Don’t stop there – always remember to confirm food preparation rules upon arrival.

Gluten-Free in Spain – Cook at Home

If the thought of testing the waters at restaurants makes you hesitant, supermarkets in Spain are brimming with plenty of delicious ingredients!

You can always try cooking at home if you don’t want to risk an incorrectly reviewed restaurant.

Some traditional Spanish ingredients include fresh fruits and vegetables like garlic, tomatoes, and peppers.

Items like fish and ham are also commonly used in traditional Spanish dishes.

gluten-free in spain

Why not try whipping up something tasty at home (if you have access) and get a feel for the local cuisine of Spain?

Some common terms to look out for when shopping for ingredients include:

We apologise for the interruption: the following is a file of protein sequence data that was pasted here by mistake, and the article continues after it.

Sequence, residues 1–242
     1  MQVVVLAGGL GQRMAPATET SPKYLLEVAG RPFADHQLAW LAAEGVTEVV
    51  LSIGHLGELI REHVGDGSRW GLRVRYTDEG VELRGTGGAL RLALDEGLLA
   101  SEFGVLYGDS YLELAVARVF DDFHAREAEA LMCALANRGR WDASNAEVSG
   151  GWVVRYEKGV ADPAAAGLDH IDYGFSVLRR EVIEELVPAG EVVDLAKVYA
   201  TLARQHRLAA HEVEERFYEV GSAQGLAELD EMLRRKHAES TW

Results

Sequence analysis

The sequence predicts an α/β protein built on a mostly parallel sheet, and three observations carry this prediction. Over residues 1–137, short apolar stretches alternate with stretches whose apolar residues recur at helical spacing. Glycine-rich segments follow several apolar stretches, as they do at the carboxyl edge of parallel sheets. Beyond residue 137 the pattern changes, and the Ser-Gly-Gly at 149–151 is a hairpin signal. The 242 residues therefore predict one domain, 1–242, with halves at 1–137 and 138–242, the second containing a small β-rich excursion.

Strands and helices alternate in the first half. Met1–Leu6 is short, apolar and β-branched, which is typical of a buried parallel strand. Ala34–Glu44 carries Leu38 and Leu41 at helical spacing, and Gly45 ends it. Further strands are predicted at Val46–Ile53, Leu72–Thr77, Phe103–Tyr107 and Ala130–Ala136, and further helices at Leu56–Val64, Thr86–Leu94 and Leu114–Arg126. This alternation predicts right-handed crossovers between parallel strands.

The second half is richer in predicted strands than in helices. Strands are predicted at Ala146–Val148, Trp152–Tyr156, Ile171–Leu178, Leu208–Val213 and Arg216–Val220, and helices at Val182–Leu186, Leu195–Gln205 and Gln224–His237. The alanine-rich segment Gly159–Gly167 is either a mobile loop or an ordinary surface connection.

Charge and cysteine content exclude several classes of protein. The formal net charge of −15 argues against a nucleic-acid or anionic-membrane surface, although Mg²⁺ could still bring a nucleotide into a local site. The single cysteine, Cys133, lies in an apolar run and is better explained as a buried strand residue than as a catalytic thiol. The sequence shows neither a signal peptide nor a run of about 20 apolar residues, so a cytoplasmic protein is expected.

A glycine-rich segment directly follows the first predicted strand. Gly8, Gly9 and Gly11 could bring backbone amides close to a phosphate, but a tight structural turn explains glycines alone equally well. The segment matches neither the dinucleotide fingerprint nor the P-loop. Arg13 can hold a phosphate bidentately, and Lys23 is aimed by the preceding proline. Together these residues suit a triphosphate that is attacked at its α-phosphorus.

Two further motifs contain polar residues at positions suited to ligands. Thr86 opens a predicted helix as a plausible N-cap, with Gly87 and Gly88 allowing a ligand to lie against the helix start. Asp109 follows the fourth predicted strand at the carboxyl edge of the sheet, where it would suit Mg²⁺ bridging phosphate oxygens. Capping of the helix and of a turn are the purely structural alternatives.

• Trigo = Wheat
  • Avena = Oats
  • Salsa de soja = Soy sauce
  • Centeno = Rye
  • Cebada = Barley

These are all ingredients that those with a gluten allergy should avoid.

Keep in mind that oats don’t always contain gluten, but finding a gluten-free option is always the safest bet.

La Federación de Asociaciones de Celiacos de España (FACE) has a helpful online guide that explores how to check labels for gluten-free ingredients.

Fun fact: FACE also provides information on hotels that are certified safe for Celiac guests!

Some of the Spanish supermarkets and chain stores that regularly sell gluten-free items include:

  • Alcampo
  • Eroski
  • Lidl
  • Carrefour

Ready to Try the Gluten-Free Life in Spain?

If you’re someone going gluten-free in Spain, having a list of resources on hand can help eliminate some of the nervousness that comes with finding good eats when out and about.